C.L. Young left a comment on 6/13/2013 at 7:29 PM:

    This is a great feature! Although I embrace “American-made”, it doesn’t always embrace my pocket book in a more affordable way. But in saying this, I realize that products typically run the gamut of econo, standard, and top of the line. These shirts are excellently made (I can tell).
    Frankly, it would be nice if one can have excellent quality of workmanship and materials in something mundane as a button-down without spending the amount that a custom-made shirt might cost.
    I understand the dynamics of factoring in cost of labor, materials, workmanship, etc. but can an “American-made” shirt be produced for well under the $100 mark?


  • Published in Quest, June 2013


    Quest magazine, New York’s last magazine devoted to “Society,” just published a feature on the rowing blazers book my colleague Jack Carlson and I have been working on for the last two years. These are the first photographs from the project to see the light of day. The on-location shoots in New England, Netherlands, and England have yielded some of my favorite portraiture work to date. Look for the coffee table book in 2014.

    May 27, 2013 | Permalink (17) View/Leave Comments

    Hunter left a comment on 10/18/2013 at 11:21 AM:

    I love that you visited Kent School to get a photo of Kyle in his KSBC outfit. But he isnt the only Kent alum in the spread, Emerson Curry rowed for KSBC as well.  Well done all around.

    Danger left a comment on 6/14/2013 at 11:47 AM:

    @ f.e. castleberry - what’s the title of the book, so that i can keep a look out?

    RP left a comment on 6/11/2013 at 10:38 AM:

    The photos look wonderful. Will have to make sure to pick up a hard-copy of the issue before its taken off newsstands in the city.

    Chens left a comment on 6/10/2013 at 11:21 AM:

    Ah yes, I should’ve known.

    F.E. Castleberry left a comment on 6/8/2013 at 9:14 AM:

    @Chens—The question begs to be asked, whose check?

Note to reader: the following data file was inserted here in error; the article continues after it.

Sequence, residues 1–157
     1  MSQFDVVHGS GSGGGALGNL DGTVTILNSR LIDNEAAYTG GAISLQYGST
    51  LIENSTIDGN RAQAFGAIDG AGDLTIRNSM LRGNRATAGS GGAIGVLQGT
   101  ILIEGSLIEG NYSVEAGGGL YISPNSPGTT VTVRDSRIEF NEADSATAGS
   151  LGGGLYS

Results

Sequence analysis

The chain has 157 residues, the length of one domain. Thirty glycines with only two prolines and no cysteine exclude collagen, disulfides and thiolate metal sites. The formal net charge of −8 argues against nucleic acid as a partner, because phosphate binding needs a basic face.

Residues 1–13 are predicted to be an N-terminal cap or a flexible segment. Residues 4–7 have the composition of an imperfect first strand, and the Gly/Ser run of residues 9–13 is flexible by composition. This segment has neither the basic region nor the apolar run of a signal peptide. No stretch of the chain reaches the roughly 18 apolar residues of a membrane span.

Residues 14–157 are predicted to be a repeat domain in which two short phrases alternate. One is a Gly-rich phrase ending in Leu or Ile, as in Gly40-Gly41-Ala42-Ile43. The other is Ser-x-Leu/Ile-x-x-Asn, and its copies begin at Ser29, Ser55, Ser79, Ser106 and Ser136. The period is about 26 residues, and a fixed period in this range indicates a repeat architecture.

Chens left a comment on 6/8/2013 at 9:05 AM:

    Hope the check clears.

    KGC left a comment on 6/7/2013 at 6:10 PM:

    As a rower and lover of fashion I love how the two mix so well. Amazing photos !

    Victoria left a comment on 6/7/2013 at 5:26 PM:

    The feature looks great! Can’t wait for 2014

    Eric W. left a comment on 6/7/2013 at 5:24 PM:

    Amazing book! Can’t wait to order 10 copies.

    F.E. Castleberry left a comment on 6/7/2013 at 5:23 PM:

    @Al—Thank you. I did style every rower I photographed in their own clothes—from pinning blazers to tying ties to popping collars to nipping and tucking.

    Al left a comment on 6/7/2013 at 5:12 PM:


    Great photos! It looks like you’ve put some serious work into them. Just out of curiosity, did you style the rowers’ outfits as well, or just photograph them in their own choices of attire?

    F.E. Castleberry left a comment on 6/7/2013 at 2:37 PM:

    @BG—I was at Dartmouth for this shoot about 2 years ago. Emerson Curry did row for Dartmouth before graduating in 2008. Since then, he’s been coaching Dartmouth crew.

    @Makaga—It’s possible there will be a book tour. If so, NYC is on the list.

    @Fred—We’re still currently talking to several publishing houses.

    M Arthur left a comment on 6/6/2013 at 10:51 PM:

    The kilts shot is the best!

    BG left a comment on 6/6/2013 at 4:58 PM:

    Looks like you were up at Dartmouth - when did that happen? Is that a Dartmouth rower?

    Joseph left a comment on 6/6/2013 at 4:20 PM:

    Congrats on this feature in Quest and you upcoming coffee table book - very exciting!

    Makaga left a comment on 6/6/2013 at 12:44 PM:

    Very stoked to see this book.  Will you have a book signing in NYC when it comes out?

    Fred left a comment on 6/6/2013 at 12:28 PM:

    interesting. who’s publishing the book?


  • Summer with The Grey Lady


    Maybe it's the therapeutic outdoor morning showers, or the privilege of getting the sunrise before anybody else on the east coast, or the simple fact that it is devoid of a tether to whatever "real world" you left behind at Hyannis. Nantucket is magical in the summer. Worry seems to roll off your shoulders, like beads of sweat erratically migrating down your cocktail.

    The island, aside from its locals, is home to an inherently preppy summer colony. It is beloved in part for the geographical fact that it's a pain in the ass to get to. The harder the trek, the preppier the locale. And Nantucket is perhaps the preppiest (edging out Martha's Vineyard and its trailer parks). If you're not flying into ACK, you have to cross the moat to the WASP kingdom via an hour long ferry.